Figure 2
Figure 2

Magnetization characterizations. a Temperature dependence of the DC magnetization of TiO film in ZFC and FC modes at 20 Oe for H(111). The T c is identified as 7.0 K. b Magnetization vs. magnetic field (M-H) at 1.9 K for H(111). Inset: H c1 at 1.9 K was estimated to be about 18 Oe

The superconducting property of the TiO film was also investigated through electrical transport measurements, using the Hall bar pattern. The schematic diagram of the experimental setup is shown in Supplementary Information Fig. S3. Figure 3 shows the temperature-dependent resistance (R xx ) in zero magnetic field and Hall resistance (R xy ) in 2 T magnetic field. In the R xx -T curve, the resistance rises with decreasing temperature first, and a kink (Tkink) appears around 130 K, below which the resistance increases even steeper. This kink may be related to the charge localization.29,30 When the temperature goes down further, the resistance decreases suddenly and the superconducting behavior occurs at ~7.4 K, as shown in the inset of Fig. 3a. The superconducting resistive transition at zero field is relatively broad, which may be attributed to the following two aspects: (i) inhomogeneous oxygen or titanium stoichiometry of the films, as shown in Fig. S2, and (ii) a consequence of a Berezinskii–Kosterlitz–Thouless (BKT)-like transition, as described in the following equation:31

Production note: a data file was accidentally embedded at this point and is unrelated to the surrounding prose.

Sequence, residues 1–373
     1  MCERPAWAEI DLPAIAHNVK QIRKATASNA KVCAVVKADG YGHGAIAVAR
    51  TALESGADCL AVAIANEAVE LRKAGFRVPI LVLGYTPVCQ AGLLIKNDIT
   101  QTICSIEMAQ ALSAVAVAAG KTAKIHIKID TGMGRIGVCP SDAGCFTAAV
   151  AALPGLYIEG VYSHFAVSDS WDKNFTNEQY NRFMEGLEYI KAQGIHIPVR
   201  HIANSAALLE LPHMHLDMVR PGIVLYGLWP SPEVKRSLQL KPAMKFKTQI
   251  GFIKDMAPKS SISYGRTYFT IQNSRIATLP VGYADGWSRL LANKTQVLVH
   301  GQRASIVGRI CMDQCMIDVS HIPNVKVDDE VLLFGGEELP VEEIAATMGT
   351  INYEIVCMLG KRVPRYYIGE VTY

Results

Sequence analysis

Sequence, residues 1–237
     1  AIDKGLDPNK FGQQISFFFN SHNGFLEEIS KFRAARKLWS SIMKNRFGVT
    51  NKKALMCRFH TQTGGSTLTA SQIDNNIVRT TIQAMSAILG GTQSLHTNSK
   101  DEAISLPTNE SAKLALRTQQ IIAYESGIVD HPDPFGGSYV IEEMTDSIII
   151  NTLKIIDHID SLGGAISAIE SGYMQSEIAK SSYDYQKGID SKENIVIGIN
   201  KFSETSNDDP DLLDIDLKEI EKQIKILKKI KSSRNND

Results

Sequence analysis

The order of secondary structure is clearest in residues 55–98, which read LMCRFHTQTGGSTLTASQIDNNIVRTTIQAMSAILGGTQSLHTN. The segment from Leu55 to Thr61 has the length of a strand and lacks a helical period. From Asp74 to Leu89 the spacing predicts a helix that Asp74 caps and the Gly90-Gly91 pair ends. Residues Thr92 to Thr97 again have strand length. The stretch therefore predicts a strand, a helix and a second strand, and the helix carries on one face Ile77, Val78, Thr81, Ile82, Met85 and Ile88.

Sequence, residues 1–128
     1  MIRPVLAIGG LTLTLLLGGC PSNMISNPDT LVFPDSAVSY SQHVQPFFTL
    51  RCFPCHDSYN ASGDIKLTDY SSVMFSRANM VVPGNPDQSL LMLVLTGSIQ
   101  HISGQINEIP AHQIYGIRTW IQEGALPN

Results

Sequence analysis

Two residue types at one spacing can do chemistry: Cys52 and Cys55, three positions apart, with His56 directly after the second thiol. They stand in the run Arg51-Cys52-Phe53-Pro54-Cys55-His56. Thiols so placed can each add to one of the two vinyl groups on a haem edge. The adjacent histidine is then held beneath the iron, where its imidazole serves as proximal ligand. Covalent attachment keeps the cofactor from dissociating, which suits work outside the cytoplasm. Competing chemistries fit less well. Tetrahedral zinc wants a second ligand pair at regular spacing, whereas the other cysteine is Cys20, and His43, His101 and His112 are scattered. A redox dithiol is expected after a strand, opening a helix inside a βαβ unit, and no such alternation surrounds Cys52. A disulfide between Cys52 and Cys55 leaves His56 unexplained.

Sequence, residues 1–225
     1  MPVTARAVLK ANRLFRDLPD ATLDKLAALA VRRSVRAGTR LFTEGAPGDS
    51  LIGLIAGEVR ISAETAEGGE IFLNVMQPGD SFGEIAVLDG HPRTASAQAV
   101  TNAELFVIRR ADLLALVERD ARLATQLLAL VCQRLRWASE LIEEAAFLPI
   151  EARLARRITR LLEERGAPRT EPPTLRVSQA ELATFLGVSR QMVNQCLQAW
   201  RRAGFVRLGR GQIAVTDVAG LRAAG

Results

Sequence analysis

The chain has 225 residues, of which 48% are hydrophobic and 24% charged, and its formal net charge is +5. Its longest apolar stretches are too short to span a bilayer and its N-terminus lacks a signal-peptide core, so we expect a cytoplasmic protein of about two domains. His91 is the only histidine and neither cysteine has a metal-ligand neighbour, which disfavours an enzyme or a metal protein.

R x y ( T ) = R N exp [ - b ( T - T BKT T BKT ) ( - 1 2 ) ] ,
Figure 3
Figure 3

Electrical transport measurements. a Temperature dependence of the resistance R xx from 1.9 to 300 K. b Temperature dependence of Hall resistance R xy at a magnetic field of 2 T. The insets are the corresponding magnified figures around T c and the blue solid line is the fitting result by BKT-like transition

where RN is normal-state sheet resistance, and b is a non-universal dimensionless numerical constant. The good fitting result (blue solid line in inset of Fig. 3(a)) indicates that the resistive transition may be a consequence of the BKT-like transition (TBKT = 4.91 K) probably related to the TiO film-Al2O3 substrate 2D interface, which localizes and enhances the superconductivity through conduction electron-substrate phonon interaction, similar to that occurred in FeSe thin films.22,23

From the Hall result, it is confirmed that the n-type electronic charge carriers dominate the conduction mechanism, as shown in Fig. 3b. According to the relation RH = R xy d/H = 1/nq, where RH, d, n, and q are the Hall coefficient, film thickness, charge carrier density, and carrier charge, respectively, the carrier concentration was estimated to be about 2.0 × 1022 cm−3 at 300 K. It is noted that the Hall voltage near the superconducting transition temperature has a sign opposite to the voltage in the normal state, as shown in the inset of Fig. 3b, which may be related to the unusual vortex motion.32,33